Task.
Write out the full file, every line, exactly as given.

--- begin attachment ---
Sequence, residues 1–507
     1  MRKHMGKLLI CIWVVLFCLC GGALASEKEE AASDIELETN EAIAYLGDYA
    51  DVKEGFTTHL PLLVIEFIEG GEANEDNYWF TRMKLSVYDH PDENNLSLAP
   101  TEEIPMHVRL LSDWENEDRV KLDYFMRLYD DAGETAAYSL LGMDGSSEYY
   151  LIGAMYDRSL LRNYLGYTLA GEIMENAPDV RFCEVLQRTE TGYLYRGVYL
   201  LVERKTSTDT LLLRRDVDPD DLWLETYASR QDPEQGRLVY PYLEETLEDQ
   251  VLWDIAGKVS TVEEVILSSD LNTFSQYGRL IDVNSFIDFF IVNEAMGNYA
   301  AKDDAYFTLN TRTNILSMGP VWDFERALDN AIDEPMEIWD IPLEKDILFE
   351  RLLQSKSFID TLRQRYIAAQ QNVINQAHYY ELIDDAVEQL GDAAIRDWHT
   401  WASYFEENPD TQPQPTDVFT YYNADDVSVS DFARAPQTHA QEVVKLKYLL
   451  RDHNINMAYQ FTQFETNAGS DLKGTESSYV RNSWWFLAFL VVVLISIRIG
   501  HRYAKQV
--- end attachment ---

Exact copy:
Sequence, residues 1–507
     1  MRKHMGKLLI CIWVVLFCLC GGALASEKEE AASDIELETN EAIAYLGDYA
    51  DVKEGFTTHL PLLVIEFIEG GEANEDNYWF TRMKLSVYDH PDENNLSLAP
   101  TEEIPMHVRL LSDWENEDRV KLDYFMRLYD DAGETAAYSL LGMDGSSEYY
   151  LIGAMYDRSL LRNYLGYTLA GEIMENAPDV RFCEVLQRTE TGYLYRGVYL
   201  LVERKTSTDT LLLRRDVDPD DLWLETYASR QDPEQGRLVY PYLEETLEDQ
   251  VLWDIAGKVS TVEEVILSSD LNTFSQYGRL IDVNSFIDFF IVNEAMGNYA
   301  AKDDAYFTLN TRTNILSMGP VWDFERALDN AIDEPMEIWD IPLEKDILFE
   351  RLLQSKSFID TLRQRYIAAQ QNVINQAHYY ELIDDAVEQL GDAAIRDWHT
   401  WASYFEENPD TQPQPTDVFT YYNADDVSVS DFARAPQTHA QEVVKLKYLL
   451  RDHNINMAYQ FTQFETNAGS DLKGTESSYV RNSWWFLAFL VVVLISIRIG
   501  HRYAKQV